“It sounds a little childish to me,” Branson said.
The lawsuit filed against Guilford County and the state claims that the legislation exempting Guilford County from running public notices in newspapers is unfair, politically motivated and a violation of the state Constitution. The suit also contends that state legislators improperly used a local act to exclude Guilford County from the statewide general statute that historically has required that legal notices be published in general circulation newspapers with paid circulation.
The News & Record is continuing to run other ads for the county. For instance, the paper is running an ad for Guilford County’s Citizen’s Academy – a class headed by Commissioner Kay Cashion that is meant to inform citizens about county government’s practices and operations.
Guilford County Attorney Mark Payne said the News & Record only sent a brief email declining to run the ad but the paper offered no explanation.
“We have requested the ad be run some other place,” Payne said.
County staff did inquire informally of News & Record staff as to the reason for the rejection, but they were simply told that the News & Record had chosen to decline the ad.
The legal battle between the county and the newspapers is now heating up. On Wednesday, August 15, Payne filed Guilford County’s answer to the newspapers’ lawsuit, in which he presented 15 defenses of the county’s new notification practice.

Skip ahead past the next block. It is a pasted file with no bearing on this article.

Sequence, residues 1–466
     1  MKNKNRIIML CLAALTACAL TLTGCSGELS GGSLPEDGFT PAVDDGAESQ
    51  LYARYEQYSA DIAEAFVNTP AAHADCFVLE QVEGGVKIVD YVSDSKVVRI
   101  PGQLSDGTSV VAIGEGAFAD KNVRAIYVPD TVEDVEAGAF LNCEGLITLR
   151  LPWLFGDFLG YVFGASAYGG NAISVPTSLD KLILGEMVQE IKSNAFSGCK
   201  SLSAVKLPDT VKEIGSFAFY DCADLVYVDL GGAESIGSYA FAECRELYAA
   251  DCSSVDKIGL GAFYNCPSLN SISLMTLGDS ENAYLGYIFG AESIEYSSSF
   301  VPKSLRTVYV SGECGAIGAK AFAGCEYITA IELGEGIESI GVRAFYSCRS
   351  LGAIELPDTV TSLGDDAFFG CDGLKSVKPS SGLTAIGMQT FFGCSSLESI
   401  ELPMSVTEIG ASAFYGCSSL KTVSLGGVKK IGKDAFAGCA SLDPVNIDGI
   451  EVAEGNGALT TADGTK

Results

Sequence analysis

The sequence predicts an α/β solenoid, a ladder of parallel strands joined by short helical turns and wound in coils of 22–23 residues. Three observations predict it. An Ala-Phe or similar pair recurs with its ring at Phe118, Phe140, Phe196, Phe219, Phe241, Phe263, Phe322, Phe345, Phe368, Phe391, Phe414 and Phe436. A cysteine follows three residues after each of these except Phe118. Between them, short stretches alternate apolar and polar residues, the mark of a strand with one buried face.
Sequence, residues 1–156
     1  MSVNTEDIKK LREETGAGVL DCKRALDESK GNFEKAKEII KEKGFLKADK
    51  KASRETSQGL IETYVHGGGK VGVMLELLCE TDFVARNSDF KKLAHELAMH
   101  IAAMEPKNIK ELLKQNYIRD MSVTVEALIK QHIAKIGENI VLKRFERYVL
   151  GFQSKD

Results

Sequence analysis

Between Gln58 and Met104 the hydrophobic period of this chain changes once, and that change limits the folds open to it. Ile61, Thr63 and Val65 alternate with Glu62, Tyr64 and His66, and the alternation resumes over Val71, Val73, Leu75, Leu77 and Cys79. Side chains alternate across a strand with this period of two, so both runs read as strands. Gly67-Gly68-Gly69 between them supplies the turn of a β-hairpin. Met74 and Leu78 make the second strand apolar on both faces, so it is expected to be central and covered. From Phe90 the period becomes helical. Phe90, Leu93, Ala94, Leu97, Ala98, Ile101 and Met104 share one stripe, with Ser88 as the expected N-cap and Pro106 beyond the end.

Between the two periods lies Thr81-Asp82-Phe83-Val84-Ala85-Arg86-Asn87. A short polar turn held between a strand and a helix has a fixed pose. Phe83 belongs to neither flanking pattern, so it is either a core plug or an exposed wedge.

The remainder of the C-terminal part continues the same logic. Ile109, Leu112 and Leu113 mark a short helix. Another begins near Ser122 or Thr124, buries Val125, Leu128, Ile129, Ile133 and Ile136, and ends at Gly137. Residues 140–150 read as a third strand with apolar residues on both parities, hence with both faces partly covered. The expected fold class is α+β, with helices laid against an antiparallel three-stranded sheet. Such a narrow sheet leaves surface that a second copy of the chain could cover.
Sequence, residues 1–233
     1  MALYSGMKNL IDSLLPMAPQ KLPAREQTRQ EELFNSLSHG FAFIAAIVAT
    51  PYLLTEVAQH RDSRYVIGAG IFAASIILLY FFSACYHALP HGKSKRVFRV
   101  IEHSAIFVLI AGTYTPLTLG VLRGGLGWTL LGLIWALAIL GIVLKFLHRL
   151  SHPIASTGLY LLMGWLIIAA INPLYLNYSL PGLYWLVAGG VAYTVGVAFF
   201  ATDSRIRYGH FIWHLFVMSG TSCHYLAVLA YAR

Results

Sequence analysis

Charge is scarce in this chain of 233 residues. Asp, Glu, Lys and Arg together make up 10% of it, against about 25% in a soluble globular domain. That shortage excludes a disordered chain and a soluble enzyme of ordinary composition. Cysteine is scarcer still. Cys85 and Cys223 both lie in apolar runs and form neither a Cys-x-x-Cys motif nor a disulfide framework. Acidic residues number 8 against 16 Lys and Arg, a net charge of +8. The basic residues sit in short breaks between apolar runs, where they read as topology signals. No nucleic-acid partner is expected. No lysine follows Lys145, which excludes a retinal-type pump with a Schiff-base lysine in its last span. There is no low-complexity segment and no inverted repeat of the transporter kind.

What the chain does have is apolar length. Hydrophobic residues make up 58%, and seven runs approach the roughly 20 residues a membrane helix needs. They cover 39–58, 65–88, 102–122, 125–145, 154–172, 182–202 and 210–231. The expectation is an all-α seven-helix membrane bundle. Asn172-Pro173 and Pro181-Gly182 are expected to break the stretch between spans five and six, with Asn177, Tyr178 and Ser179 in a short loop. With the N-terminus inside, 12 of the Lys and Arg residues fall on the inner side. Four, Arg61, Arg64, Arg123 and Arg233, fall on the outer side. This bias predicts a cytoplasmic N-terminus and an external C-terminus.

“It looks like it will be heard in Wake County by a three-judge panel,” Payne said of the case that’s moving forward.
He also said the parties on each side largely agree on the facts, so the case is likely to come down to a question of law.
“It’s all legal determination,” Payne said.
He added that it’s too early in the process to know when the hearing will be.
In 2017, after a political battle in the NC General Assembly, the State of North Carolina approved the new legislation that allowed Guilford County the right to stop running notices of meetings, foreclosures, tax liens, rezoning cases and other matters, if the Guilford County Board of Commissioners approved the move.
On Thursday, March 1, 2018, the commissioners gave their final approval to the change, though, at that time, representatives of local newspapers, including News & Record Publisher Daniel Finnegan, came to commissioners meetings several times and spoke against the change.